Congress inches closer to government shutdown

Trump Rejects Bipartisan Bill Stalling Government Shutdown

Those Democrats have dug in since Trump said at a private Oval Office meeting that he wants immigrants from places like overwhelmingly white Norway - and not from Africa.

But even without DACA in the mix, a new temporary funding plan unveiled by House Republican leaders last night got a tepid embrace from GOP lawmakers, frustrated by the lack of an overall budget agreement for 2018.

On Thursday evening White House Chief of Staff John Kelly said it was "unlikely" a deal could be brokered on immigration by the time the current spending resolution runs out on Friday. "Republicans looking out for USA citizens, taxpayers and troops in danger", Freedom Caucus member Rep. Scott DesJarlais wrote on Twitter.

'Could happen. We'll see what happens.

The immigration talks stalled last week after Trump rejected a plan proposed by Sens.

A number of Republican politicians, including Trump, have accused Democrats of jeopardizing the stability of the military--and the safety of the country--by refusing to agree to any funding proposal until something is done for recipients of the Deferred Action for Childhood Arrivals program. "We are strongest when we stick together - that will produce the best spending deal and the best DACA deal - one that has a chance of being enacted into law".

"I would hope we'd have all the things everybody agreed to", Vermont Sen. "I am a nay vote tonight".

Should federal agencies close their doors, both parties would be gambling that the public would blame the other side.

'A government shutdown will be devastating to our military...something the Dems care very little about!' Trump said in a tweet that blamed the opposing party for the crisis.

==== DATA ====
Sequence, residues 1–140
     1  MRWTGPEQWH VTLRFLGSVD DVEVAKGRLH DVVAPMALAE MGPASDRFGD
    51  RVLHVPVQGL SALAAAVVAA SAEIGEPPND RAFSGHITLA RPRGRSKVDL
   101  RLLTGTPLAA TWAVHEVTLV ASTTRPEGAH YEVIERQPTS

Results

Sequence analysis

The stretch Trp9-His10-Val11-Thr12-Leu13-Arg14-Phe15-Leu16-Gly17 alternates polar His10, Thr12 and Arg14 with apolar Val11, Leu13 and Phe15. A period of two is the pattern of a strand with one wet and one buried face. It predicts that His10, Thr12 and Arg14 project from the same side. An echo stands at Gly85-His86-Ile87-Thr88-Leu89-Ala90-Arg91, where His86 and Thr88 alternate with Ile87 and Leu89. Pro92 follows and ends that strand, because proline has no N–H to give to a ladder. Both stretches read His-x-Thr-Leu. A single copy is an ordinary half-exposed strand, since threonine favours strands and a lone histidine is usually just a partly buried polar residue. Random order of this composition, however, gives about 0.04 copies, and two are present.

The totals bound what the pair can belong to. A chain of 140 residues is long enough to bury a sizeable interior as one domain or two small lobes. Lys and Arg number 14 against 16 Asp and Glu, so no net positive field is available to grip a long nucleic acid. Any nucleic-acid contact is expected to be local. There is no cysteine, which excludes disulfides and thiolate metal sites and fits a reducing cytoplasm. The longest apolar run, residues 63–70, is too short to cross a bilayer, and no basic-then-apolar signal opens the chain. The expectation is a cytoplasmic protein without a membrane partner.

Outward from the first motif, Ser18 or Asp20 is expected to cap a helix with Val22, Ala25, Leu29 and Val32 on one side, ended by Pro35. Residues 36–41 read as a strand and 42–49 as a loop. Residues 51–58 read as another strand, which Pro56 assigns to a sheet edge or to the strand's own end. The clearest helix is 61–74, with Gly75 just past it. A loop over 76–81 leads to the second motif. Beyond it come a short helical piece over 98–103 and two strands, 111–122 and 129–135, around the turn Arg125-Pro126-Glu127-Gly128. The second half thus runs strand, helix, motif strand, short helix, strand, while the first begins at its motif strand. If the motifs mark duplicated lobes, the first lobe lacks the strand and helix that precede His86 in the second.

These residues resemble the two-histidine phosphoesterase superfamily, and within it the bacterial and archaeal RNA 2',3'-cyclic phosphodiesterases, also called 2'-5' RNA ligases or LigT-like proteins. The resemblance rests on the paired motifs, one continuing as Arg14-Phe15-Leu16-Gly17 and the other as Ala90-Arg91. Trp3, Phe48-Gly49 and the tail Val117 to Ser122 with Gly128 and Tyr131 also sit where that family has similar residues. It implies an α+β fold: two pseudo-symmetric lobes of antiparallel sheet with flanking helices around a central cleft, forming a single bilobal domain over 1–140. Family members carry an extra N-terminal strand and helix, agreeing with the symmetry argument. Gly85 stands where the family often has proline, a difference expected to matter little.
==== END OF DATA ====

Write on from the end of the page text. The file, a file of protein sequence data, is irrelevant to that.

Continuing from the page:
Democratic Sen. Joe Manchin of West Virginia has already vowed to support a bill to keep the government open for another month.

Unlike in the House, McConnell has to have Democratic votes to pass a spending bill and with some in his own conference like Sen. Conservatives were also threatening to balk.

"If this bill passes, there'll be no incentive to negotiate and we'll be right back here in a month with the same problems at our feet", said Senate Minority Leader Chuck Schumer, D-N.Y. "That would not play well for Republicans", McCaul said.

In the end, a majority of the hardline House Freedom Caucus chose to support the bill, helping get it across the finish line, after apparent pledges from GOP leadership to hold votes in the near future on a new year-long defense funding bill and a conservative immigration bill.

Democratic votes would be needed for any budget extension, as 60 votes are required to get around any filibuster.

The spending package being voted did not include enough military spending to please some Republicans, it had no protections for the Dreamers and its children's insurance provisions were less than what Democrats wanted.

Hovering over the government funding fight are November's congressional elections in which one-third of the 100-member Senate and all 435 House seats are up for grabs as Republicans battle to keep control of both chambers. Democrats have sufficient votes there to block the legislation. Many, but not all, are non-defense federal employees.

"If there is a shutdown, it will have the same cause as any prior shutdown, and that's Republican intransigence", said Austin Rep. Lloyd Doggett, a Democrat who plans to vote against the stopgap bill. Mike Rounds, who has backed the bipartisan immigration bill, announced he would not vote for a weeks-long short-term funding extension, saying good governance requires a long-term solution instead of short-term fixes.

Senate Majority Leader Mitch McConnell, R-Kentucky, said Wednesday that they're at a stalemate in part because President Trump has not yet clearly indicated what needs to be in an immigration bill that he would sign. "Us staying here and working and finding a deal is what's going to help them", he said.